Yesterday I staked a little annual bush morning glory (Convolvulus tricolor) to keep the wind from blowing it over and breaking it. It is in a container, and consists of about 5 branches that start near the ground. In a strong wind, it was waving back and forth, threatening to break.

Today I staked a fuchsia-flowered gooseberry (Ribes speciosum) to keep one of its thorny branches from reaching into the path and stabbing somebodies knees. Actually it was the second time I had staked that branch back. I often stake once, and then, in a couple of weeks, restake, with more pressure than the first time. The plant might break if you do it all at once, but in two stages, you can do it.

Last week I staked a viper's bugloss (Echium vulgare 'Blue Bedder') to keep it from leaning onto a wee viola. I am always ready to referee between competing plants this way, staking one out of the way of another.

And all summer, I have been staking rose canes to make them take a better direction--for example, not reaching out over a lawn, not growing against another cane, not reaching into the neighboring rose. These are often twice-staking operations, since rose canes are rather stiff, and I don't want to break them. But by staking them sort of in the right direction once, then pulling the stake and resetting it to apply more pressure, I have gotten 5 poorly directed canes to straighen up and fly right.

Other gardeners must do this stuff, but you never read about it. Readers, have you been doing any creative plant staking lately?


Potting Mix Grew Mushrooms

The path to fine arugula may not be smooth

The tiny seedling arched its stem to push through the potting mix. It was still white, having not yet seen the sun, but I moved it to the bright windowsill in anticipation. But alas, it didn't turn green. Instead, the white nub emerged, revealing itself to be a tiny white mushroom. Soon there were more of them. The arugula and collard seedlings emerged, but remained stunted and with poor color. The mushrooms opened into tiny striped gray parasols and then collapsed. A new flush emerged. My seedlings languished.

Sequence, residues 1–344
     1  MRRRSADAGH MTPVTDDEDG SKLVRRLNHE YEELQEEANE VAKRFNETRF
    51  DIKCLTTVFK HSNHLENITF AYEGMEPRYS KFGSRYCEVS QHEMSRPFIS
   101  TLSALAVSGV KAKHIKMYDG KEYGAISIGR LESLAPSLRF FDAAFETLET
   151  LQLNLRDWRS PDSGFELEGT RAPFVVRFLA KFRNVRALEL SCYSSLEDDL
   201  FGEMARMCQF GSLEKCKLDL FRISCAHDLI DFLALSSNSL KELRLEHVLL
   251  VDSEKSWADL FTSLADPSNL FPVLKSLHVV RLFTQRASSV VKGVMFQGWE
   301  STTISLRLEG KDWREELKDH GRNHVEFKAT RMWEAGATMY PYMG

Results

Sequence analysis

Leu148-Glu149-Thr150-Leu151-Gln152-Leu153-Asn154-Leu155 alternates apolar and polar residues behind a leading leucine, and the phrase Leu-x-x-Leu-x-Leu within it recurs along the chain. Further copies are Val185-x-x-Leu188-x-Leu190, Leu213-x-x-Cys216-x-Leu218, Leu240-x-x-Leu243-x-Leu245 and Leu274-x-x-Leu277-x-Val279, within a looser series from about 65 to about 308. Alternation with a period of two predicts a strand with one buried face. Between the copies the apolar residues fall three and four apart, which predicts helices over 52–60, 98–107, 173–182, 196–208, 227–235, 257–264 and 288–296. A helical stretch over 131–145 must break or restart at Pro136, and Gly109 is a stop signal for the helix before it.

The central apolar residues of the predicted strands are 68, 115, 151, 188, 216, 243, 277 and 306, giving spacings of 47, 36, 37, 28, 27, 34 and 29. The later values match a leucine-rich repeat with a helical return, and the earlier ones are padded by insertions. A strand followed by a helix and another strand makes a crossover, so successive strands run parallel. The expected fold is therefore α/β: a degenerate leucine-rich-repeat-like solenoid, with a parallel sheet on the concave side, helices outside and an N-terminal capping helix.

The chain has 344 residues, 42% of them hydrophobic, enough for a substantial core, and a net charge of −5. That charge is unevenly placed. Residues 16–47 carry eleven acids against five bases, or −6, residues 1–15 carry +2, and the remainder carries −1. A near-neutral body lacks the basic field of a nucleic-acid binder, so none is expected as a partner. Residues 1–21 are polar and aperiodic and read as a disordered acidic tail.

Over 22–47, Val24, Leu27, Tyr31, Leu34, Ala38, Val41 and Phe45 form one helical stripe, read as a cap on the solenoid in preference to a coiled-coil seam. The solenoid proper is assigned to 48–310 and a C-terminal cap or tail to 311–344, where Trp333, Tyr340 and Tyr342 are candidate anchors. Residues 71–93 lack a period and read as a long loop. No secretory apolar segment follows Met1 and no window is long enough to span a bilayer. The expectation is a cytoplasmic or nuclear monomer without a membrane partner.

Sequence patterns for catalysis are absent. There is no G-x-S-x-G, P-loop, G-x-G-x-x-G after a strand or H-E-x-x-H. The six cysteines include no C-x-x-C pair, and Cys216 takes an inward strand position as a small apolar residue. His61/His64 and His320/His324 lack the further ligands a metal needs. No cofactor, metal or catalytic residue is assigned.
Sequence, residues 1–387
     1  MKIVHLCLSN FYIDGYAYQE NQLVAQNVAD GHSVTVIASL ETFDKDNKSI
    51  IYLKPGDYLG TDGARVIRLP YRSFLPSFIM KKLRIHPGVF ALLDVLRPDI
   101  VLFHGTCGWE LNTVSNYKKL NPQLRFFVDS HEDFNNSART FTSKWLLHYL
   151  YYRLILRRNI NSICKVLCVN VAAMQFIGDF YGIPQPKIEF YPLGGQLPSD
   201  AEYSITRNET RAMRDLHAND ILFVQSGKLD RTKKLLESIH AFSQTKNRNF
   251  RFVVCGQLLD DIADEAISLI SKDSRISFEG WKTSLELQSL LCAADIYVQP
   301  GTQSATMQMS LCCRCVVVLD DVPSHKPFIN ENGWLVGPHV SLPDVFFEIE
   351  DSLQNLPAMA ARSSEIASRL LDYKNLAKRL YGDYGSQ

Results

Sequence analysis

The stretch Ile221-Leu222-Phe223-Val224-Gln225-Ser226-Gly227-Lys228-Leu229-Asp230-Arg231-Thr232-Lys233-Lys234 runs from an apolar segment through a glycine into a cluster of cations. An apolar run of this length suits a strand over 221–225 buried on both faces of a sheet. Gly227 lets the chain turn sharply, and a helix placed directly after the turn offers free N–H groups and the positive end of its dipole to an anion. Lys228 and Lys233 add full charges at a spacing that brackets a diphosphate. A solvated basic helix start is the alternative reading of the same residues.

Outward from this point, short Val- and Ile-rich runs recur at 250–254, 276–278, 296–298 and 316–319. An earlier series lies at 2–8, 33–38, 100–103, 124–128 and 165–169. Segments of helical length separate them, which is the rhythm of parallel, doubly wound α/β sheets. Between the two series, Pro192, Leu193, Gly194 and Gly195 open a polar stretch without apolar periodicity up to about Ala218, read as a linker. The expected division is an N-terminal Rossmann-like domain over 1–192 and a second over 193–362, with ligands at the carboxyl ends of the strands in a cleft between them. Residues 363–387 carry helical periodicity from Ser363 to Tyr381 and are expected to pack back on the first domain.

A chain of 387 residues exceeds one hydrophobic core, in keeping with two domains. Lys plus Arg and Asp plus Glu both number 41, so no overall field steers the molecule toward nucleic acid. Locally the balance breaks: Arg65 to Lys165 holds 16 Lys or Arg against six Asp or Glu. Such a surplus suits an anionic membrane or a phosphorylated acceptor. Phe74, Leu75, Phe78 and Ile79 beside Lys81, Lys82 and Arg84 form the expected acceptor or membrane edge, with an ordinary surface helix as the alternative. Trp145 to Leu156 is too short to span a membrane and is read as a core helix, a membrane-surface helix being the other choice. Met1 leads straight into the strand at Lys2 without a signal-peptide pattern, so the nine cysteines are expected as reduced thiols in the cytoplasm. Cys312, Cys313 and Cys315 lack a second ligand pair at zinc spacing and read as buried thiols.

Thus did I fail at my first attempt to grow the superior Cook's Garden arugula strain.

When I returned the half-used potting mix to the nursery, I brought along a flat of arugula sporting a mushroom or two for them to observe. The clerk opined that perhaps I had kept it too wet. I replied that there should not be live mushroom spores in bagged potting mix, period. He exchanged it for a (hopefully) mushroom-free bag, and wrote on the exchange form "grows mushrooms."

Now I know that there are seeding mixes made to start seedlings, and I use one at the college, in a large greenhouse, because I know it is less susceptible to problems caused by the inevitablely less attentive care than seeded flats would get in my window at home, 8 feet from my computer.

Seeding mix has smaller particles, and more air and water holding capacity than potting mix, and lacks fertilizer, which can encourage water molds and decay bacteria that can take hold in overwatered containers. I have always succeeded with potting mix at home, since I can pay careful attention to water here. I gave some thought to whether I had introduced mushrooms, but decided if I had introduced spores somehow, it wouldn't have been in all 6 flats, which had different histories before reuse.

So now I have some really nice 3-inch seedlings of the arugula in the ground outdoors and some tiny new ones in fresh, mushroom-free potting mix in the windowsill. One of these days I will get to harvest some of that arugula. Gardening is all about patience, right?

When I do, I plan to make my pasta and arugula special. I like the tang of raw arugula, but I also like the milder flavor it has when cooked, as in this dish. For each diner, I mix a cubic inch of soft goat cheese or feta cheese with water to make a smooth, creamy sauce. Then I boil some pasta and, at the same time, saute some onion in a little olive oil. When the onion is done, I add a bit of minced garlic and saute it for about 30 seconds. Then in goes a big bunch of arugula leaves, cut up coarsely. When the arugula is cooked, I add the cheese mixture, the pasta, salt, pepper, and a bit of grated Parmesan, toss it all and serve it hot.


Butternut/Moschata Squash--Yum!

A comment to my last entry contains a question about growing butternut squash in San Francisco. This is one of the best winter squashes to grow in California, since it is in a species of squash that is relatively resistant to powdery mildew. When you are looking in a seed catalog, or on a seed packet, look carefully to find the scientific name of the squash variety you are considering. Look for the name "Cucurbita moschata." It may be called butternut, or could have a different name, but it will share the powdery mildew resistance trait.